Breakthrough: World’s first cooking-oil-powered military transporter aircraft just flew successfully

The 90-minute flight also replicated an air-to-air refueling sortie.
Baba Tamim
Representational image: RAF Voyager and Tornados over Iraq.
Representational image: RAF Voyager and Tornados over Iraq.

Royal Air Force 

U.K.'s Royal Air Force (RAF) has successfully completed a flight test of a giant military transporter aircraft powered entirely by renewable fuel – used cooking oil. 

RAF has completed a 100 percent sustainable fuel flight using a military transporter aircraft of this size that is a world first for any aircraft type and the first of its kind in Britain, according to a press release by the U.K. government on Friday. 

"They should be rightly proud of this achievement; it is a breakthrough moment for the RAF and an exciting development for the MOD [Ministry Of Defense]," said Baroness Goldie, U.K.'s Defence Minister.

"Through the RAF's pioneering spirit, expertise and partnership with U.K. industry, British science and engineering is leading the way in improving operational resilience and developing future operating capability in a climate-changed world."

Breakthrough: World’s first cooking-oil-powered military transporter aircraft just flew successfully
RAF Voyager – the military variant of an Airbus A330 – took to the skies over Oxfordshire powered entirely by 100% sustainable aviation fuel.

The military version of the Airbus A330, the RAF Voyager, flew over Oxfordshire while fuelled on all engines solely by sustainable aviation fuel (SAF), opening up a variety of options for the future of flying for both military and civilian aircraft.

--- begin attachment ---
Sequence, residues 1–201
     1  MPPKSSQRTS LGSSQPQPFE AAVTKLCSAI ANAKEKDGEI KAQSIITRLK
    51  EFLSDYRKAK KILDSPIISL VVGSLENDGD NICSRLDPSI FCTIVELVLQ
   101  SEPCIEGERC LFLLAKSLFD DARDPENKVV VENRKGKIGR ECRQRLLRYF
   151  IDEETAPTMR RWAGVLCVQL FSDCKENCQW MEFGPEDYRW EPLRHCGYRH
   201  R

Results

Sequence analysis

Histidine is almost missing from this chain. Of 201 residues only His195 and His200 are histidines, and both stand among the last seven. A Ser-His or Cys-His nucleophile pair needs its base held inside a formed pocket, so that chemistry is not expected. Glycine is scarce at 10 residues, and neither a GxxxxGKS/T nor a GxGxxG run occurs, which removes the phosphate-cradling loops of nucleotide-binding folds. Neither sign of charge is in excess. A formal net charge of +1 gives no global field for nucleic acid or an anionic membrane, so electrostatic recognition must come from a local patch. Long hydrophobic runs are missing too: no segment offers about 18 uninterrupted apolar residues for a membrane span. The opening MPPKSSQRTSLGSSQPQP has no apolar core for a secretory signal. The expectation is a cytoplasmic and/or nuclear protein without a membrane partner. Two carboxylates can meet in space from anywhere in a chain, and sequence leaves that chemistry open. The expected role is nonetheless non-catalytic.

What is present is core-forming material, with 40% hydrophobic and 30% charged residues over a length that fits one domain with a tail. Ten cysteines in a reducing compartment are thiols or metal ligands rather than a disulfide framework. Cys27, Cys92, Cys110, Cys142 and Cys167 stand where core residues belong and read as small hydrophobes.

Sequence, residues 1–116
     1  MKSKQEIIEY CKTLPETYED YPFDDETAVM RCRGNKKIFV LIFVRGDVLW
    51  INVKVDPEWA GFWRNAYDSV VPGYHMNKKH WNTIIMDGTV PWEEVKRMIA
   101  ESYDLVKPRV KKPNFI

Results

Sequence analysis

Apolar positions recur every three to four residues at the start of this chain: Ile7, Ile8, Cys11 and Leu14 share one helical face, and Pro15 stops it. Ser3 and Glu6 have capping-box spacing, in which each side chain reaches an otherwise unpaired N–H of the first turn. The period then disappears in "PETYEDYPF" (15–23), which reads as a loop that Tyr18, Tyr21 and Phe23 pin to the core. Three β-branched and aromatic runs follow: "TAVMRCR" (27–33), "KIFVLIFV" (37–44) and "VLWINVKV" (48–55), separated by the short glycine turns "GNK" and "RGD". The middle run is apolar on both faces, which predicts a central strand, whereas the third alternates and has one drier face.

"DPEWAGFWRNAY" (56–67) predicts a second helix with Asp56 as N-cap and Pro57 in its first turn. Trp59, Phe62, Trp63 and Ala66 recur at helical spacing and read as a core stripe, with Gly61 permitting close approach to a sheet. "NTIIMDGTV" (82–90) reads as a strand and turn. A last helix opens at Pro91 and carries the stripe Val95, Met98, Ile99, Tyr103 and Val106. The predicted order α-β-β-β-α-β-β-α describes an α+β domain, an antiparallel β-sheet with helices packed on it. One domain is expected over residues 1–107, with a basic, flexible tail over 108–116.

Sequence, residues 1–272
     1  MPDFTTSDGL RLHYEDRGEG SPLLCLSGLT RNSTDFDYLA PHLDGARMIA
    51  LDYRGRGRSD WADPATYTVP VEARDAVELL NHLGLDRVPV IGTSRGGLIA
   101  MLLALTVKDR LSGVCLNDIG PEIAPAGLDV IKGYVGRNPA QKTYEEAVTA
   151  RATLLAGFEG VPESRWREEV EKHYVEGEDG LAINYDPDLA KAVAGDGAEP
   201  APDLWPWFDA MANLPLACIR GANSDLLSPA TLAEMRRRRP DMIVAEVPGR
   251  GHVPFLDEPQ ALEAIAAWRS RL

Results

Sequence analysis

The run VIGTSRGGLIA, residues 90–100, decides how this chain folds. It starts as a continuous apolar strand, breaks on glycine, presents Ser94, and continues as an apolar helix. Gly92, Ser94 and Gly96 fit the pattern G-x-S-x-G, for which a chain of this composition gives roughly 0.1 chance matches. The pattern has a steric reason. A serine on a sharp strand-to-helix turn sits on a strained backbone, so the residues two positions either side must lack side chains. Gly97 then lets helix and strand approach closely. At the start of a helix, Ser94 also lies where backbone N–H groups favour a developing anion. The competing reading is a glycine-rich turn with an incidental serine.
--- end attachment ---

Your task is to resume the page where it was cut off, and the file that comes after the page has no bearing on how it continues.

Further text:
The lifecycle carbon emissions of sustainable aviation fuel, which is produced from waste-based sustainable feedstocks like used cooking oil, are typically up to 80% lower than those of conventional jet fuel. 

Air bp provided the fuel for the mission, a joint endeavor of RAF, DE&S, and industrial partners Airbus, AirTanker, and Rolls-Royce.

It is claimed that the successful flight test on Wednesday could lead to a reduction of RAF's dependency on global supply chains and increases operational resilience, and lessen its carbon footprints. 

Climate-friendly mission 

This accomplishment follows the RAF-led small aircraft U.K. flight fueled by 15 liters of synthetic gasoline in November, which also set a global record.

Senior RAF and industry personnel observed the 90-minute flight from RAF Brize Norton that replicated an air-to-air refueling sortie. The aircraft was piloted by a team from the RAF, Rolls-Royce, and Airbus.

"Climate change is a transnational challenge that threatens our resilience, our security, and our collective prosperity. That is why I have set the RAF the ambitious challenge of becoming the world's first net-zero Air Force by 2040," said Air Chief Marshal Mike Wigston, U.K.'s Chief of the Air Staff. 

"This exciting trial flight of a Voyager from RAF Brize Norton powered entirely by Sustainable Aviation Fuel is an important milestone on that journey, and marks another technological first for the RAF alongside our industry partners." 

Net Zero airbase with Jet Zero Strategy

U.K. state regulations mandate that by 2050, all greenhouse gas emissions be net-zero.

The Jet Zero Strategy outlines the U.K.'s plan for decarbonizing aviation with the industry, putting a strong emphasis on the rapid advancement of technology in a way that preserves the advantages of air travel while maximizing the potential that decarbonization can provide.

"Our Jet Zero Strategy made clear that sustainable aviation fuels are key to greener flight for both military and civilian aviation," said Baroness Vere, U.K.'s Aviation Minister. 

"We have launched the £165 million Advanced Fuels Fund to kickstart a homegrown SAF industry, as well as challenging the sector to deliver the first net zero transatlantic flight next year.

Shifting energy gears away from fossil fuel has emerged as the new symbol in Europe since the start of the Russian-Ukrainian War, with England taking the lead.

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